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Steve Harvey on Advertising Inequality, His Punishing Schedule and Retirement Plans

May 24, 2016  |  Media Week  |  No Comments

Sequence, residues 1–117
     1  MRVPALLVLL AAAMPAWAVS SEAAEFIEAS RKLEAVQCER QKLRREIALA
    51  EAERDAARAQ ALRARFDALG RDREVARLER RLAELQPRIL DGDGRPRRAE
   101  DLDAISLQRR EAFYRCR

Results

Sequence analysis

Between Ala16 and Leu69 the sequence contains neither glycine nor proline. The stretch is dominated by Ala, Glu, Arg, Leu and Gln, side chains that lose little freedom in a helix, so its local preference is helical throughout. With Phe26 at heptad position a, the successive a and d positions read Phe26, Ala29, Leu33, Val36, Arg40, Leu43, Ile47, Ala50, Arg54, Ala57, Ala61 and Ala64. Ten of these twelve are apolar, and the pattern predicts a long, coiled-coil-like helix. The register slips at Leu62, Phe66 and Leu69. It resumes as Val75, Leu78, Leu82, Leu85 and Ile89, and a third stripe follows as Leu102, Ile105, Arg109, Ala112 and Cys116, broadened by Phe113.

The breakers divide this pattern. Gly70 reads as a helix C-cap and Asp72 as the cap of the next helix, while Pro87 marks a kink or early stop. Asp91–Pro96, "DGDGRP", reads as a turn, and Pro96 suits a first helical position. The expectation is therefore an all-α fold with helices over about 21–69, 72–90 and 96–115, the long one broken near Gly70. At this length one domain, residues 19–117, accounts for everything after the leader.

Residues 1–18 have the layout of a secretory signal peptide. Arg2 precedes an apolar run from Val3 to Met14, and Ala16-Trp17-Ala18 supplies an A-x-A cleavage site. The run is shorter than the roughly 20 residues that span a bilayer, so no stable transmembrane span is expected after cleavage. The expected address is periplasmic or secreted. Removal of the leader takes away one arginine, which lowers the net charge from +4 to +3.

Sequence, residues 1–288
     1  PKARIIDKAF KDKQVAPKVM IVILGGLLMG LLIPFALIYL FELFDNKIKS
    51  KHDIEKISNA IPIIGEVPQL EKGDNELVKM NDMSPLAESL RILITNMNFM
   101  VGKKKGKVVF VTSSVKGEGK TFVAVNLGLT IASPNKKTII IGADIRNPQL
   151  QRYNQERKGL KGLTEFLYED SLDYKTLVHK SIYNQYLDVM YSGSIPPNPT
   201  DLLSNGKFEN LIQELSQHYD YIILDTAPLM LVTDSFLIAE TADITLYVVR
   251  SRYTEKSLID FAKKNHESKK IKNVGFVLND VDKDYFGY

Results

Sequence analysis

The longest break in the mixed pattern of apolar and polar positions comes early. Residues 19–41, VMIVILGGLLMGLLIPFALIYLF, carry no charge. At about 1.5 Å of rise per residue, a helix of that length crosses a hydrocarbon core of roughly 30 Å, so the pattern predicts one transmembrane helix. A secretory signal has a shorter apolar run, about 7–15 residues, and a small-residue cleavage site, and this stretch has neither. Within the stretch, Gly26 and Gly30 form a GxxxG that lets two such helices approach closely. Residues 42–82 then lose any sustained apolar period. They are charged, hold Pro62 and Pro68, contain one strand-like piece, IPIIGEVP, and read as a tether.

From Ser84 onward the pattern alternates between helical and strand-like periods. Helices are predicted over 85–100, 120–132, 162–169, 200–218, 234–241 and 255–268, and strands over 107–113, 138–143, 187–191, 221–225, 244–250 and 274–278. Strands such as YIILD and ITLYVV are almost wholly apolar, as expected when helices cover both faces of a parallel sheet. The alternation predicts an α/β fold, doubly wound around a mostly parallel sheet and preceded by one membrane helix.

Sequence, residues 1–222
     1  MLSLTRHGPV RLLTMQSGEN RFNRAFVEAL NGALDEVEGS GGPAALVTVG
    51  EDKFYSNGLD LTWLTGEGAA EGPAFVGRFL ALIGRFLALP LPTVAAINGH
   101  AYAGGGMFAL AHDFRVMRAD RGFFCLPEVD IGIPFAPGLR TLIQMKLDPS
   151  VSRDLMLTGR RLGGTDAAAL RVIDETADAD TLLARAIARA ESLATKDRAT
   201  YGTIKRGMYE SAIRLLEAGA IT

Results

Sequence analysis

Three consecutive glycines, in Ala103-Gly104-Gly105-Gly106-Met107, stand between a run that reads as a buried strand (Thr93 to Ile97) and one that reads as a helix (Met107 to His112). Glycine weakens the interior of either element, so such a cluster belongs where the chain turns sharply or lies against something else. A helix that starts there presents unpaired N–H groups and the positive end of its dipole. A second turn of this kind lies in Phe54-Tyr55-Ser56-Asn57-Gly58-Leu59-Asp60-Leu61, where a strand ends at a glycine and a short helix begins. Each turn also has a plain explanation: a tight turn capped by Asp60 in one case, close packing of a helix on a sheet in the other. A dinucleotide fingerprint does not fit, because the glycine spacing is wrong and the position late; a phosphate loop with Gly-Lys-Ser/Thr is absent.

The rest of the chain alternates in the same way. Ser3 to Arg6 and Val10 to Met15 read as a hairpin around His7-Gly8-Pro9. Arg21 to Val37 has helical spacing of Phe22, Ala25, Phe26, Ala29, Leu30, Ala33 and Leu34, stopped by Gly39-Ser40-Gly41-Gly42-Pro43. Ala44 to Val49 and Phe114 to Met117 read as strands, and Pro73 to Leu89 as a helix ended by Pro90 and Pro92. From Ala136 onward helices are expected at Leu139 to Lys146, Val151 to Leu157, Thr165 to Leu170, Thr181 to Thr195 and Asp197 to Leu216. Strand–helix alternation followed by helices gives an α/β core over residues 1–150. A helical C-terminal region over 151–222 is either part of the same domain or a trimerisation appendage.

For his cover story in last week's issue of Adweek, Steve Harvey talked about how he juggles four hit TV series (soon to be five) and a radio show , and how he survived his Miss Universe debacle and came out the real winner . But with so many shows and project on his plate, there wasn't space in the magazine for everything that Harvey discussed. Here are the best moments that didn't make it into the story, including Harvey's thoughts on his punishing schedule, why his shows don't always bring in the ad revenue that they should and how he plans to spend his retirement: Six shows, three cities Harvey wasn't kidding when he said his mantra is to make every minute count. Filming five TV shows and a radio show requires him to commute between three different cities: Atlanta (his home, where his business offices and radio studio are located, and where he shoots Family Feud 10 weeks each summer, four episodes a day, for 200 shows a season), Chicago (he tapes two episodes of his talk show each Tuesday and Thursday, from late August to May, 140 episodes per year); and Los Angeles (he taped Little Big Shots for a week last October and a weekend in November; Celebrity Family Feud shoots two weekends in March and Dream Funder, his upcoming ABC series, will film on weekends sometime between October and November). And 272 days a year, he records his four-hour morning radio show from whichever location he happens to be in. Harvey works nonstop—sometimes six or seven days a week—except for three weeks around his wedding anniversary every year, and two weeks at Christmas. He knows that five weeks of vacation sounds like a luxury to some, "but it's 47 weeks of high level intensity on-camera, in your face. It's a lot of pressure right now. I can handle it, because I enjoy what I do. But I don't know how long I'll do all of them." (In the story, he said that he plans to walk away from one of his TV shows: "I do love all of these gigs, but something is going to have to go for sure.") Advertising inequality During his cover interview, Harvey spoke out against the industry's tendency to marginalize him as an entertainer who only appeals to minority audiences. His WB sitcom drew ratings similar to those of other shows on the network, like Buffy the Vampire Slayer, yet received fewer ad dollars because it was deemed a "black" show. "We've got to stop that. Pay a person for the number they get, and pay the advertising on the show based on the number that show gets. They find a way to cheapen it by saying, 'Well, you've got too many African-Americans watching here, too many Latinos, not enough whites. They use that just to get a lower rate and that's so unfair, man," said Harvey. "Every corporation has a 'multicultural marketing department,' which is just another word for the blacks and the Mexicans. Really, that's what it is. And that's so ridiculous. Family Feud isn't big because of black people or just white people